The Danes displayed courage worthy of their former renown, and their repeated conquests The Saxons were stimulated by every motive that could influence the heart of man. Shame, revenge, the dread of subjugation, and the hope of independence, impelled them forward: them perseverance bore down all opposition and the Northmen, after a most obstinate but unavailing resistance, fled to their camp. The pursuit was not less murderous than the engagement the Saxons immolated to their resentment every fugitive who fell into their hands. Immediately, by the king’s orders, lines were drawn round the encampment and the escape of the survivors was rendered impracticable by the vigilance and multitude of their enemies. Famine and despair subdued the obstinacy of Guthrun who on the fourteenth day offered to capitulate. The terms imposed by the conqueror wore, that the king and principal chieftains should embrace Christianity, that they should entirely evacuate his dominions, and that they should bind themselves to the fulfilment of the treaty by the surrender of hostages, and by .their oaths. The following translation of this remarkable treaty is taken from Mr. Thorpe’s “Ancient Laws and institutes of England” (i. 183).

 This is the peace that king Alfred, and king Guthrun, and the ‘witan’ of all the English nation, and all the people that are in East Anglia, have all ordained and with oaths confirmed, for themselves and for their descendants, as well for born as unborn, who reck of God’s mercy or of ours.

 “1. First, concerning our land boundaries, up on the Thames, and then up on the Lea, and along the Lea unto its source, then right to Bedford, then up on the Ouse unto Watling Street.

 “2. Then is this, if a man be slain, we estimate all equally dear, English and Danish, at VIII half-marks of pure gold, except the ceorl, who resides on ‘gafolland,’ and their ‘liesings,’ they are equally dear, either at cc shillings.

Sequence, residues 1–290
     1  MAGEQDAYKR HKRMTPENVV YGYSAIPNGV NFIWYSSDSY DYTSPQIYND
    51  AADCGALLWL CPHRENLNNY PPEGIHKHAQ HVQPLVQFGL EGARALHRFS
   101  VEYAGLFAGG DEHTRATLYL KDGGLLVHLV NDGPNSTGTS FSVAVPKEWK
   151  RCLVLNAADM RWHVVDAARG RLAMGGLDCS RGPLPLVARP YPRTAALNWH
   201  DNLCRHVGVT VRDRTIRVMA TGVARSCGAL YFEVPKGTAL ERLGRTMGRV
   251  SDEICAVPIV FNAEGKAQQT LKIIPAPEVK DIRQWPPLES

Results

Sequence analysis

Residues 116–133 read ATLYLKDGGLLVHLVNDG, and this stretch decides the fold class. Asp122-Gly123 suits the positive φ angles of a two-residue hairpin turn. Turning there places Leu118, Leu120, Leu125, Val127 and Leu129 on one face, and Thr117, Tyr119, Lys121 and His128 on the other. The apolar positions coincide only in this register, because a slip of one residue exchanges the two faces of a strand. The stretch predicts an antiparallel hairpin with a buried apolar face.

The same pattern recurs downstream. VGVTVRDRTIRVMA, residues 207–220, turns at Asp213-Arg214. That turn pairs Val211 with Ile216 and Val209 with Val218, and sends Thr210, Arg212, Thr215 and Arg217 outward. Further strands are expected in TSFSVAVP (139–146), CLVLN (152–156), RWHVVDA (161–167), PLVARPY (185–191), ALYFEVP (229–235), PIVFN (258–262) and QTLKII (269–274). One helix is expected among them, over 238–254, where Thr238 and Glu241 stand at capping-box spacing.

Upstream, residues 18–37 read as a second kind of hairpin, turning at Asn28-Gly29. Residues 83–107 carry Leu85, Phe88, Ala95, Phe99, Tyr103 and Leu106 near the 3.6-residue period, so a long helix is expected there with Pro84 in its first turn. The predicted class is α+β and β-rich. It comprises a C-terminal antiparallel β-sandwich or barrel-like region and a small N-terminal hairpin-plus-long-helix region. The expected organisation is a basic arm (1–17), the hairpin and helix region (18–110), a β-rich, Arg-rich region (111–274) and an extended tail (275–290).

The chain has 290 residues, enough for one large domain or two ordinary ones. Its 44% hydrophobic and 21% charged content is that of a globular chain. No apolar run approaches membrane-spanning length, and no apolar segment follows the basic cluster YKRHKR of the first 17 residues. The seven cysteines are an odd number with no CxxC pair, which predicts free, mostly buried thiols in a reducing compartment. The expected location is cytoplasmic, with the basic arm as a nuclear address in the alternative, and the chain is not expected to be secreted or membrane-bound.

“3. And if a king’s thane be accused of manslaying, if he dares to clear himself, let him do it with twelve king’s thanes. If anyone accuse that man who is of less degree than the king’s thane, let him clear himself with eleven of his equals, and with one king’s thane. And so in every suit which may be for more than iv mancuses. And if he dare not, let him pay for it three-fold, as it may be valued.

“4. And that every man knows his warrantor for men, and for horses, and for oxen.

“5. And we all ordained on that day that the oaths were sworn, that neither bond nor free might go to the host without leave, no more than any of them to us. But if it happens that from necessity any of them will have traffic with us, or we with them, with cattle and with goods that is to be allowed on this wise, that hostages be given in pledge of peace, and as evidence whereby it may be known that the party has a clean back.

Chapter 4, Reign of Ethelbald

His Stepmother Judith and Her Descendants


Fresh Irruptions of the Danes

Ragnar Lodbrog

St. Edmund

Chapter 4, Destruction of Croyland Abbey

Destruction of Croyland Abbey

Numerous Battles between the Danes and the Saxons

Accession of Ethelred

Chapter 4, Alfred the Great

Alfred the Great

Chapter 4, Fresh Troubles with the Danes

Fresh Troubles

Re-Appearance of Alfred

Chapter 4, Treaty between him and Guthrun

Treaty between him and Guthrun

Temporary retirement of the king to Athelney

Overthrow of Ubbo

The Danelagh


Categories: Book 2